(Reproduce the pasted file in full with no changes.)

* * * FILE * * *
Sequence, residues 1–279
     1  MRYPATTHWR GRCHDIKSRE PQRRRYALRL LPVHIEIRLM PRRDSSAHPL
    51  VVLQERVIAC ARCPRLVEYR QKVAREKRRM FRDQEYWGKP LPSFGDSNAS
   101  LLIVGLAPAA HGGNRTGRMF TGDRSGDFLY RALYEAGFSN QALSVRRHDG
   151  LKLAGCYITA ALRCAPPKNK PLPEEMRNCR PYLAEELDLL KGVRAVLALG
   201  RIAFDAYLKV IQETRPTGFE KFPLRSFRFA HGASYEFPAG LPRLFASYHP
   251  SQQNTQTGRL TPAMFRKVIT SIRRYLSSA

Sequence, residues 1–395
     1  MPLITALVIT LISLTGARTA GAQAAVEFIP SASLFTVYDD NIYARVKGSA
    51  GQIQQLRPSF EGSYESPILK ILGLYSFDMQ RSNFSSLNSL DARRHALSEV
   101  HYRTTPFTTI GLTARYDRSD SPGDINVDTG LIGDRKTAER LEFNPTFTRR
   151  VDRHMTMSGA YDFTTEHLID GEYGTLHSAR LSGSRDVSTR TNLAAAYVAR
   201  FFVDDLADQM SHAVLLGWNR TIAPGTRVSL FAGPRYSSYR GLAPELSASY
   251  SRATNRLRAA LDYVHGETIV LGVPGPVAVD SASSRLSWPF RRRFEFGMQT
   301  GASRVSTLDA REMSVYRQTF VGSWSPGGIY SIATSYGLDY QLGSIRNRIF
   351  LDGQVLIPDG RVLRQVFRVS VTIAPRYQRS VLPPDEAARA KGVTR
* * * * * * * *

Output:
Sequence, residues 1–279
     1  MRYPATTHWR GRCHDIKSRE PQRRRYALRL LPVHIEIRLM PRRDSSAHPL
    51  VVLQERVIAC ARCPRLVEYR QKVAREKRRM FRDQEYWGKP LPSFGDSNAS
   101  LLIVGLAPAA HGGNRTGRMF TGDRSGDFLY RALYEAGFSN QALSVRRHDG
   151  LKLAGCYITA ALRCAPPKNK PLPEEMRNCR PYLAEELDLL KGVRAVLALG
   201  RIAFDAYLKV IQETRPTGFE KFPLRSFRFA HGASYEFPAG LPRLFASYHP
   251  SQQNTQTGRL TPAMFRKVIT SIRRYLSSA

Sequence, residues 1–395
     1  MPLITALVIT LISLTGARTA GAQAAVEFIP SASLFTVYDD NIYARVKGSA
    51  GQIQQLRPSF EGSYESPILK ILGLYSFDMQ RSNFSSLNSL DARRHALSEV
   101  HYRTTPFTTI GLTARYDRSD SPGDINVDTG LIGDRKTAER LEFNPTFTRR
   151  VDRHMTMSGA YDFTTEHLID GEYGTLHSAR LSGSRDVSTR TNLAAAYVAR
   201  FFVDDLADQM SHAVLLGWNR TIAPGTRVSL FAGPRYSSYR GLAPELSASY
   251  SRATNRLRAA LDYVHGETIV LGVPGPVAVD SASSRLSWPF RRRFEFGMQT
   301  GASRVSTLDA REMSVYRQTF VGSWSPGGIY SIATSYGLDY QLGSIRNRIF
   351  LDGQVLIPDG RVLRQVFRVS VTIAPRYQRS VLPPDEAARA KGVTR